National Tree DayRecycling Near YouNational Recycling WeekBusiness RecyclingCartridges 4 Planet Ark Schools Recycle Products & SolutionsMake It Wood

Thanks a Million Australia

Date: 01-Sep-11

Lord Mayor of Sydney, Clover Moore MP, lends a hand at the National Tree Day event at Sydney Park with Sydney City Toyota General Sales Manager Anthony Lucisano (left) and Planet Ark CEO Paul Klymenko (right).

Lord Mayor of Sydney, Clover Moore MP, lends a hand at the National Tree Day event at Sydney Park with Sydney City Toyota General Sales Manager Anthony Lucisano (left) and Planet Ark CEO Paul Klymenko (right).

Here at Planet Ark, we’re busily collating the National Tree Day results and things are looking good!

To date the evaluation shows that more than one million native trees, shrubs and grasses were planted at over 2,800 Tree Day sites across the country – and there are still some late plantings going on.

Thanks and well done to all the wonderful National Tree Day and Schools Tree Day site coordinators who made the events happen, and to the thousands of volunteers who got their hands dirty to help green up Australia. Sites were organised by schools, councils, environment groups, community groups, businesses, Toyota Dealers, sporting clubs, faith groups and private landholders.

The events were as diverse as the groups who organised them. They ranged from an event organised by a south east Queensland primary school where two native trees were planted to commemorate local serviceman who died in the First World War, right through to a number of mega-sites in Western Australia and Victoria at which more than 70,000 trees, shrubs and grasses were planted. The capital cities all saw lots of sites, including the joint Planet Ark and City of Sydney site at Sydney Park where more than 250 volunteers planted about 4,000 native plants around one of the park’s key wetlands.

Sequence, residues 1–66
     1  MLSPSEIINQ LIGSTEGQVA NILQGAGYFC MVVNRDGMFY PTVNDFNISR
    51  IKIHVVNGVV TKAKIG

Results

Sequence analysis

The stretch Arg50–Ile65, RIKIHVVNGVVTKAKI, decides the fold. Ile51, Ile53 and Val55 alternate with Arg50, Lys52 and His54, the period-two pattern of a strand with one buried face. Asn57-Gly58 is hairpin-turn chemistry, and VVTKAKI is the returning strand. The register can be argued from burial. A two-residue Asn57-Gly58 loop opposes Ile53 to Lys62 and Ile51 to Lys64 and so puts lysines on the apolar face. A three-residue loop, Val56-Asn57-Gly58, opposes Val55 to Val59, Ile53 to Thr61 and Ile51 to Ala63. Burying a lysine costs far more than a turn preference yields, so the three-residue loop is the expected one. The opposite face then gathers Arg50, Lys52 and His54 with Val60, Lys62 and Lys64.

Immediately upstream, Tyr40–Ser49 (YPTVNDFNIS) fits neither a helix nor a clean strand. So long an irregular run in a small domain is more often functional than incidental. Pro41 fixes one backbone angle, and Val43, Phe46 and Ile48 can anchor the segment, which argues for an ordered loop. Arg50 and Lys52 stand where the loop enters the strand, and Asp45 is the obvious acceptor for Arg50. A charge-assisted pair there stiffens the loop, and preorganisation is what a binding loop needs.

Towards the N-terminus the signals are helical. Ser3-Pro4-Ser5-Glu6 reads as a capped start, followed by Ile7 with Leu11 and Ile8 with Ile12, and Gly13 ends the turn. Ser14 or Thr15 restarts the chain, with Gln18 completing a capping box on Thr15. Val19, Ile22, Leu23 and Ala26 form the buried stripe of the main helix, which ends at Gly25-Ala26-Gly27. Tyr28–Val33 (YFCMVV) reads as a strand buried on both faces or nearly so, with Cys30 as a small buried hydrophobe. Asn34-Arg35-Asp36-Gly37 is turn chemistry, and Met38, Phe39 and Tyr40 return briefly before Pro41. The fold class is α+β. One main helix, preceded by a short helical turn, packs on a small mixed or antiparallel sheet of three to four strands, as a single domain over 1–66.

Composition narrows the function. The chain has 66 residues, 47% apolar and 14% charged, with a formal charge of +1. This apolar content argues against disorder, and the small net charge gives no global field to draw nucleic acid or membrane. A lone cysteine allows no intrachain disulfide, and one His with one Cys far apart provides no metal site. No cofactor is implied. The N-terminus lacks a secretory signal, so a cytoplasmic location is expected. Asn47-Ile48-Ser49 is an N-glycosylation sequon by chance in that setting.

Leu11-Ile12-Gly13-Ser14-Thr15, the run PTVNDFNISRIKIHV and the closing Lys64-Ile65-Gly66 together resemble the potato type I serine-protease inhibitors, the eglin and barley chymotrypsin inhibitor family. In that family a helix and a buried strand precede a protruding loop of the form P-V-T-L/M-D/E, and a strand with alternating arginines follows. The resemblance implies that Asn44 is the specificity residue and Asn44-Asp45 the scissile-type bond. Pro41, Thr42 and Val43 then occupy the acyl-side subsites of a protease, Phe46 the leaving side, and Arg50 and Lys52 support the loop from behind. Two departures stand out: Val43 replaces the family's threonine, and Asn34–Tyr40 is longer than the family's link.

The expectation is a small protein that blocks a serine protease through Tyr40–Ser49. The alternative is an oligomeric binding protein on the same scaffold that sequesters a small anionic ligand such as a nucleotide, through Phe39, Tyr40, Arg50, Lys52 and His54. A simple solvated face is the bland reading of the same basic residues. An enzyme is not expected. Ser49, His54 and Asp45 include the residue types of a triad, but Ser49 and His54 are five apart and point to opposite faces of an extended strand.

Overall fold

The environmental benefits of Tree Day events were also diverse. Most Tree Day activities aimed to create and extend wildlife corridors and native animal habitat, improve rivers, wetlands and waterways, or renew urban areas. But activities were also undertaken to help save threatened species, improve national parks and reserves, rehabilitate coastal areas and beaches, repair bushland affected by fires and restore rainforest sites.

While tree planting was the most popular Tree Day activity, a wide range of other activities were held, including bush regeneration, work at community gardens, community talks and bushwalks and classroom activities.

Visit the Tree Day website to find out more about Tree Day and view photos from some of this year’s events in the Photo Gallery. Perhaps you’ll be inspired to organise your own Tree Day event in 2012!

Remember, every day is Tree Day!

You can keep the spirit of National Tree Day alive all year round by visiting the Tree Day site you’ve volunteered at in the past to see the results of your hard work, taking your kids to a local park to climb trees and reconnect with nature, or volunteering on a regular basis with your local landcare, bushcare or other environment group.

And finally, thanks to Toyota who have been our partners in National Tree Day for the past 12 years. Their support makes this great event happen.   

Life is Better with Trees!

Share to Facebook Share to Twitter Stumble It Email This More...